HOTEL PARADISO, by Georges Feydeau and Maurice Desvallieres. Directed by Joy Zinoman; set design by Russell Metheny; costumes by Beth Burkhardt, lighting by Tomm Tomlinson.
With Jim Nugent, Nancy Paris, Sally Stunkel, Daniel R. Elsea, Richard Hart, Morris J. Chalick, Sean O'halloran and Martin Goldsmith. r
At the Studio Theatre weekends through Oct. 21.
When George Feydeau died in 1921, God may well have concluded that the French had had their fair share of laughs for the rest of the 20th century. That, at any rate, would explain the strange writhings that have passed for French humor ever since.
Last spring, the Comedie Francaise demonstrated just how funny Feydeau can be in the hands of masterful professionals. This weekend and next, Washington's Studio Theatre company is demonstrating just how funny Feydeau -- specifically "Hotel Paradios," written with collaborator Maurice Desvallieres -- can be in the hands of erratically talented and trained young actors and would-be actors.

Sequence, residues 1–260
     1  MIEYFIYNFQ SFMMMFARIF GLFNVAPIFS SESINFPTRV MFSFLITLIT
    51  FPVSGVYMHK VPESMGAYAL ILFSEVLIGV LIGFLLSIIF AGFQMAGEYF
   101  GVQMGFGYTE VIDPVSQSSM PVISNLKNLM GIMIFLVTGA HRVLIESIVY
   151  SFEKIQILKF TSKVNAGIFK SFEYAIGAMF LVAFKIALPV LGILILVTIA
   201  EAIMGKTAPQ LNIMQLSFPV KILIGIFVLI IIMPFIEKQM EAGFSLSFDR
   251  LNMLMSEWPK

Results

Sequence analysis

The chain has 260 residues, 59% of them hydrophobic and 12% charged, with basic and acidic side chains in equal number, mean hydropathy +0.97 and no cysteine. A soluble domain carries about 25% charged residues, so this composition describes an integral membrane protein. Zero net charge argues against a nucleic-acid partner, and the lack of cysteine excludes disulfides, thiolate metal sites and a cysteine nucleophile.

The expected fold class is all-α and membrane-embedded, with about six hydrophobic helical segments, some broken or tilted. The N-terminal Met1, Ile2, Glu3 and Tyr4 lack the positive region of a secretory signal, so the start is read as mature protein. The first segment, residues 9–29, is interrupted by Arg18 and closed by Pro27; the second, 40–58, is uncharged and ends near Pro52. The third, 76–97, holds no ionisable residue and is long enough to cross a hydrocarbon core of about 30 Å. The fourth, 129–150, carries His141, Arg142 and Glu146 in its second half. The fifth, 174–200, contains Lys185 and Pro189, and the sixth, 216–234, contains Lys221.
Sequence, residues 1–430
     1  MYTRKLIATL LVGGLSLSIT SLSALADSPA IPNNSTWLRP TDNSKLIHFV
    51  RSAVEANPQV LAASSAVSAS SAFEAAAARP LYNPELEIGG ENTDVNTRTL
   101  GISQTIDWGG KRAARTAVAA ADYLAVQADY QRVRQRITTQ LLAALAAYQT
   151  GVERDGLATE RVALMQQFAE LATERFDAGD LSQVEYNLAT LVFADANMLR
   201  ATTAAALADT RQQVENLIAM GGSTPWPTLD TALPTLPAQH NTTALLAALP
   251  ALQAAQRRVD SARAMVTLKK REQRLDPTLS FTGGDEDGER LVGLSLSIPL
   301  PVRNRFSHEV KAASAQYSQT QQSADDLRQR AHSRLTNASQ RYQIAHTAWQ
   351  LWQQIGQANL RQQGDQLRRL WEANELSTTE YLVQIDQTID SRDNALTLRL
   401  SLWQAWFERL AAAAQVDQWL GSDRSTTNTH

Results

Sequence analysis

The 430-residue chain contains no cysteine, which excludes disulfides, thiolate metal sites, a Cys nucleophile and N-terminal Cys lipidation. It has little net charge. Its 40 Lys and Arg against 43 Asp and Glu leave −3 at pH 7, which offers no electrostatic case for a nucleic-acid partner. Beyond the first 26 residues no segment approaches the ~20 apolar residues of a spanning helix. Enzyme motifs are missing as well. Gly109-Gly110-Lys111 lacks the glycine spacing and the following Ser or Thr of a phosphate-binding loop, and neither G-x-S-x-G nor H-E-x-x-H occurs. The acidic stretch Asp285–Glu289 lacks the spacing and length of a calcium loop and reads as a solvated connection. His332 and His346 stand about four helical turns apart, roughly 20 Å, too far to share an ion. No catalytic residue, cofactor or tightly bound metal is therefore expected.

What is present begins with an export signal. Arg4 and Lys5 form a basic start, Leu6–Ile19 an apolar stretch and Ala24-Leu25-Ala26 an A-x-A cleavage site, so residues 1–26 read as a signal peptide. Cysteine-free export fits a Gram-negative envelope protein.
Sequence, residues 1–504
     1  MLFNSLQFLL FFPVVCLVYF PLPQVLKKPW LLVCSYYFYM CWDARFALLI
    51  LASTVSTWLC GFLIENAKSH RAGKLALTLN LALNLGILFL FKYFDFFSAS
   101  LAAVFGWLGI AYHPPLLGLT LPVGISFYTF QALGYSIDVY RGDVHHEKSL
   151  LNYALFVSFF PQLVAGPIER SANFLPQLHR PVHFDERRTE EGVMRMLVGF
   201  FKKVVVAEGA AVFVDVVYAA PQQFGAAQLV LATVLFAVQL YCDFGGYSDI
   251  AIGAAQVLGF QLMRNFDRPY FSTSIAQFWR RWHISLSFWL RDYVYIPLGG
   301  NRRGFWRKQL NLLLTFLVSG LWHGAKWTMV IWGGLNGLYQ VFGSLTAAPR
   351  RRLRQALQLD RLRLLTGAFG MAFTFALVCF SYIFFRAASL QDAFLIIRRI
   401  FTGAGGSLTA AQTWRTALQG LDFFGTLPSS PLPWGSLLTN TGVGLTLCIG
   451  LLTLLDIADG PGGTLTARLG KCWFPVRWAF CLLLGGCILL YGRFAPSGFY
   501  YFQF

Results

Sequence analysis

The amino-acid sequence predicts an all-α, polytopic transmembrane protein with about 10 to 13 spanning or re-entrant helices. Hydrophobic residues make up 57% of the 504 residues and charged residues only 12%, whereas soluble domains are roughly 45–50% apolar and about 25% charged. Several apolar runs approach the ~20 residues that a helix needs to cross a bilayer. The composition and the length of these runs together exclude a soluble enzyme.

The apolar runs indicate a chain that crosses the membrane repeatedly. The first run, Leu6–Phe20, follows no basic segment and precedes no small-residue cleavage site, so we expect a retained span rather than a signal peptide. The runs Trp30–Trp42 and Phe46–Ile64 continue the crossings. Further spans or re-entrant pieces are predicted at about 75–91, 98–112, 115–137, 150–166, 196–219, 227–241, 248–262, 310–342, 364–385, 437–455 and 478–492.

The answer is: strange, but still very funny. Under Joy Zinoman's smart direction, Sally Stunkel shows a good deal of talent and training and just the right air of offended innocence as Marcelle, typical Feydeau Heroine who is persusaded to get even with her under-affectionate husband by having an affair with his best friend.
When, in Act Two, the redezvousers head for the hotel of the title to complete their transaction, Morris J. Chalick makes a marvelously seedy hotel manager and master of ceremonies. A psychiatrist in private life, Chalick seems to have acquired his Italianisms about equally from Marlon Brando and Chico Marx.
Some of the other performers display rather less flair for farce, but Joshua Billings, playing a man with a speech impediment brough on by rainy weather, is another actor who seem at home in the medium. And the same goes for Sean O'Halloran as a dumb-faced hotel porter, despite an accent that seems to touch down, at intervals, on several continents.